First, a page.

Budget Wrangling Ramps Up This Week Over Children’s Health Care Programs

A number of children’s health care programs are on the cusp of being funded this week as the Legislature and governor negotiate the state budget. Some programs are funded in the Assembly version of the budget, some in the Senate budget and a few are included in both budgets.

A unified budget will be hashed out in conference committee this week.

The list of programs to be discussed this week includes:

  • The Black Infant Health Program ($3.9 million in state funds) is on the tally sheet in both houses, so it’s likely to be included — in part because of its relatively low price tag;
  • Restoring Medi-Cal provider reimbursement rates to their pre-2011 levels also landed in both budgets, but the Brown Administration previously has balked at rolling back those 10% cuts;
  • Designating applied behavior analysis therapy — a kind of autism treatment —  as a Medi-Cal benefit is part of the Senate budget. Sen. Darrell Steinberg (D-Sacramento) previously said ABA therapy was a high priority for his health care agenda. Including it in the budget would cost the state an estimated $50 million a year.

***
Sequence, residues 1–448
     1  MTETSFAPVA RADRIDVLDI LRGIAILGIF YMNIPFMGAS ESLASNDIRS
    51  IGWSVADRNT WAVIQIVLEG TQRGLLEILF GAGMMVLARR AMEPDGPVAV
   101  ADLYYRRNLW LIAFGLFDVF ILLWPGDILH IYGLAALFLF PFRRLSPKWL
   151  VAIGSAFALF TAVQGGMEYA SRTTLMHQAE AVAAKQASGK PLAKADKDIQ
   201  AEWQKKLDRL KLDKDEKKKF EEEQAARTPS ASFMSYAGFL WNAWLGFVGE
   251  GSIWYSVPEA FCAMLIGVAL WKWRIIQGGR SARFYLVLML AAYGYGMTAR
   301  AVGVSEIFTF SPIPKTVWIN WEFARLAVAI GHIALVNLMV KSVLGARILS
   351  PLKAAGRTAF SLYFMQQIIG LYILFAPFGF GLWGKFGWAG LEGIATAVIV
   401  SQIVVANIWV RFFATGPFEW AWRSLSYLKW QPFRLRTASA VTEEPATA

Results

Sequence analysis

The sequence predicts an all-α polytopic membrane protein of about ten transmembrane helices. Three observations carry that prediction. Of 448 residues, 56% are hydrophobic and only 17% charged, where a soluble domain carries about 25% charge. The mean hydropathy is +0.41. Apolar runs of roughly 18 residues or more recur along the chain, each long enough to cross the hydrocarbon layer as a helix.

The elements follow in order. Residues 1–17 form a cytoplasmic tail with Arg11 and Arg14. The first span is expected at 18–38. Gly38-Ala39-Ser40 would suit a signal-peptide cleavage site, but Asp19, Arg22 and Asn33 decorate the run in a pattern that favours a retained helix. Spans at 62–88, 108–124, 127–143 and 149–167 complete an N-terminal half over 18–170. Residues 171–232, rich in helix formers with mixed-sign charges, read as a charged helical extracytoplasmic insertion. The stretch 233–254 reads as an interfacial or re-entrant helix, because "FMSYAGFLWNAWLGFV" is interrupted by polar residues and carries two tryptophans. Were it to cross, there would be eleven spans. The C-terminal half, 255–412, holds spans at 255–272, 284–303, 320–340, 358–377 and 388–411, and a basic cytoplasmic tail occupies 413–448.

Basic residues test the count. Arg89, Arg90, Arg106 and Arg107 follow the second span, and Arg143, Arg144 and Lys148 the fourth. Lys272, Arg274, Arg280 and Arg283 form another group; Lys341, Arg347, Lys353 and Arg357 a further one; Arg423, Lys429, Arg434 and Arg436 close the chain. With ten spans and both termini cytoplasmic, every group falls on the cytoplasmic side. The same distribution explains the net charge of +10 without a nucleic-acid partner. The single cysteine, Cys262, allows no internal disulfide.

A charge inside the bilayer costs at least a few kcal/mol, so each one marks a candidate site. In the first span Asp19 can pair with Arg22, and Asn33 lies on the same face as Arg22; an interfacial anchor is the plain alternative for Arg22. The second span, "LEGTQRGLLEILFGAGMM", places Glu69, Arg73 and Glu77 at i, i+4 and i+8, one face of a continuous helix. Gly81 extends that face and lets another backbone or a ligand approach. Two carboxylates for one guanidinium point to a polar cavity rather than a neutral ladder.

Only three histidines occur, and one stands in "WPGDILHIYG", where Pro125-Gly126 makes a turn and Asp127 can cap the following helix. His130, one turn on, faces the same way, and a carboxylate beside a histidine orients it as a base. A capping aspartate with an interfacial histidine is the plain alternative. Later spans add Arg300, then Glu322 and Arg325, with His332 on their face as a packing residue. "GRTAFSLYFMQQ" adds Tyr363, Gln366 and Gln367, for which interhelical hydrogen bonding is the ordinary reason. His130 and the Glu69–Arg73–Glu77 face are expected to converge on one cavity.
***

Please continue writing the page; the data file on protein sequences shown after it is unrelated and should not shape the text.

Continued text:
• Two programs in the Assembly budget but not the Senate’s — the Early Mental Health Initiative and the Children’s Dental Disease Prevention Program — would cost the state a combined total of about $18.5 million a year.

“We’re hopeful the Legislature will decide to invest in effective health prevention programs for children,” said Michele Stillwell-Parvensky, senior policy and communications associate for Children’s Defense Fund California, in a written statement. “In the grand scope of the budget, these are relatively small-ticket items that have been proven to have a big impact for kids.”

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